ANZ chief executive Shayne Elliott labels strip club visits 'unacceptable'

ANZ Banking Group chief executive Shayne Elliott and his top human resources officer have labelled alleged strip club visits and other offensive acts by bank employees as unacceptable and vowed to crack down on the behaviour.

Mr Elliott took to Twitter – a rare move for an Australian CEO wading through a reputational crisis – to break his silence on allegations brought by former traders Etienne Alexiou and Patrick O'Connor.

ANZ chief executive Shayne Elliott says past behaviour on the trading floor was "unacceptable".
ANZ chief executive Shayne Elliott says past behaviour on the trading floor was "unacceptable". Photo: Josh Robenstone

The pair, in claims first revealed by The Australian Financial Review, are seeking millions in damages and have blamed a toxic culture at the bank for behaviour that led to their own sackings.

In response to strident criticism on social media from a number of prominent female corporate leaders, including Bank of Melbourne director Carol Schwartz, Mr Elliott said "historic" behaviour in the bank's Global Markets division was "unacceptable".

Examples of behaviour alleged by Mr Alexiou in his statement of claim include a visit in June 2011 to a lap dancing bar with the senior executive who recruited him in 2011 and two female human resources executives, along with alcohol and drug use.

In a statement to Fairfax Media, expanding further on his initial response, Mr Elliott said: "We have a strong, inclusive culture at ANZ with 60,000 overwhelmingly great people ... Where we find breaches of our Code of Conduct, [we] have taken and we will continue to take the action that is necessary to ensure the handful of people involved have no place at ANZ."

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Separately, the bank's group general manager, human resources, Susie Babani, said on Twitter that doing business in strip clubs was "never OK". "Both men associated with this allegation no longer work at ANZ," she said in an extended statement. "We want our people to speak up and to alert us to unacceptable conduct. When they do we will investigate and we will take the necessary disciplinary action."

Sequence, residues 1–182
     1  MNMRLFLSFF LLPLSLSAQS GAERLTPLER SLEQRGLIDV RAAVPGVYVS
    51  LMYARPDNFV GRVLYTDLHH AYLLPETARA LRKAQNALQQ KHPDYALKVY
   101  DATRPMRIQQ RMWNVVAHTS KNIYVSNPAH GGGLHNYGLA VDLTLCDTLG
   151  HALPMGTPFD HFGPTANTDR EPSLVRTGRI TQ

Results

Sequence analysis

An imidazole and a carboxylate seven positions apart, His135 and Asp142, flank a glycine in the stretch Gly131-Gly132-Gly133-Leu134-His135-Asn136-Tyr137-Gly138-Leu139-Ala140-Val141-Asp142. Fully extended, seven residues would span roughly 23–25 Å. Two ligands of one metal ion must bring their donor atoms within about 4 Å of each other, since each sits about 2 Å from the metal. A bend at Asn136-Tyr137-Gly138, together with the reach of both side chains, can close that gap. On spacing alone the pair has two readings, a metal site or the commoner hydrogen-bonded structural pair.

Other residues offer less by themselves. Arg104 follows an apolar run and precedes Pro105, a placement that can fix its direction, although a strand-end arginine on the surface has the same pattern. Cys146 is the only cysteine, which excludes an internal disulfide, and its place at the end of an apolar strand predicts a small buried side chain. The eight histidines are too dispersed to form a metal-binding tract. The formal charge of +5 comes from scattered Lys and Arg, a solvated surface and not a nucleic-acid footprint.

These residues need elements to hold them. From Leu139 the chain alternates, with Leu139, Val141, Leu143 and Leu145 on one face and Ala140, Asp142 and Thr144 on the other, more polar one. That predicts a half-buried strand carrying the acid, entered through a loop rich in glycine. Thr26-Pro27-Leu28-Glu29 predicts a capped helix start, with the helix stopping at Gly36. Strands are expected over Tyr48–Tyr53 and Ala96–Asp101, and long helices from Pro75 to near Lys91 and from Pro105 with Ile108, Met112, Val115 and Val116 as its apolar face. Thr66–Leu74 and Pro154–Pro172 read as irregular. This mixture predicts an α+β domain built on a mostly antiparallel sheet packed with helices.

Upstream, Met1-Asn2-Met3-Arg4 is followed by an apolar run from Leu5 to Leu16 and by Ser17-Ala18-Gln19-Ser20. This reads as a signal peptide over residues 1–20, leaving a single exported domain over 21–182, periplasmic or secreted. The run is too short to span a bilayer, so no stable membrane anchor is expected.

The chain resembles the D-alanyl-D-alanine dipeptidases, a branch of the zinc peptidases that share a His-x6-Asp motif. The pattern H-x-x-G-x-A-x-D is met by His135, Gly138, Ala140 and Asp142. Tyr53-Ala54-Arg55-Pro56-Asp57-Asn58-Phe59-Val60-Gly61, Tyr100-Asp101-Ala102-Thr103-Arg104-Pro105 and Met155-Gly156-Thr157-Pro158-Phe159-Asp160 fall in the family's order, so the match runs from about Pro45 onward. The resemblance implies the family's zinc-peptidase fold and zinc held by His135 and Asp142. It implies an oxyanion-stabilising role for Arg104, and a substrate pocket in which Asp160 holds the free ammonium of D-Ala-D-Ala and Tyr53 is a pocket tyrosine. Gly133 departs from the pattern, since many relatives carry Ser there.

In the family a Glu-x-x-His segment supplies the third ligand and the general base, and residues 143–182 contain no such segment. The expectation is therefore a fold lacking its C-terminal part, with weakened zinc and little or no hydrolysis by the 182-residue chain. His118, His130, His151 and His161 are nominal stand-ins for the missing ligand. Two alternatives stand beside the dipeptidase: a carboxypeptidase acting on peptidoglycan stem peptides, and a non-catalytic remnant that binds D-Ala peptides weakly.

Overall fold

ANZ has said some of the allegations raised in the court documents are false, while also committing to investigate all new cases brought to its attention.

One of Mr Elliott's first moves, after the October 2015 announcement of his appointment to succeed Mike Smith, was to get started on a strategy document to explain what his vision for the $73 billion bank's "core purpose" should be.

Fairfax understands Mr Elliott will present this to the market in February. Such a cultural review was partly in response to allegations that ANZ traders had manipulated one of the key interest rates that determine pricing across the Australian economy, but it will likely consider the latest allegations too.

Sources on ANZ's dealing floor described a "flat" mood as staff digested the revelations of their former colleagues on Friday and astonishment at the size of the bonuses paid to Mr O'Connor and Mr Alexiou. However the reports did help shed light on potential reasons for some of the recent unexplained departures among senior staff.

Mr O'Connor also said in a statement to the media that the court process would reveal more examples of an out of control management team.

That could include details of a infamous Hunter Valley episode in March 2013 where some inebriated members of the markets' management were alleged to have damaged the golf course.

The reports on bad behaviour had also sparked debate about whether such culture was limited to ANZ but was prevalent in other dealing rooms.

In his memoirs The Itinerant Economist, former Westpac fixed income strategy research analyst Russell Jones, who returned to London in late 2012, wrote that he was more impressed by the resilience of Australian banker's livers than the resilience of the system.

"What followed over the next thirty six hours was a monumental piss-up that began at Sydney airport, settled into a steady rhythm on the three hour flight to Cairns, was sustained by a couple of cases of beer in the minivan to the hotel and then progressively descended into a series of scenes from Fear and Loathing in Las Vegas once we arrived at our destination," Jones wrote about the fixed income team's "offsite" in Port Douglas.

"Some people were virtually stretchered off our Qantas flight when it landed back in Sydney on Sunday afternoon"

Sources in Westpac recall that offsite as the one final gulp of the golden age ale of the financial markets. Mr Jones, for his part, said "the heroic drinking" didn't seem to impact the performance of his colleagues, and was generally good natured.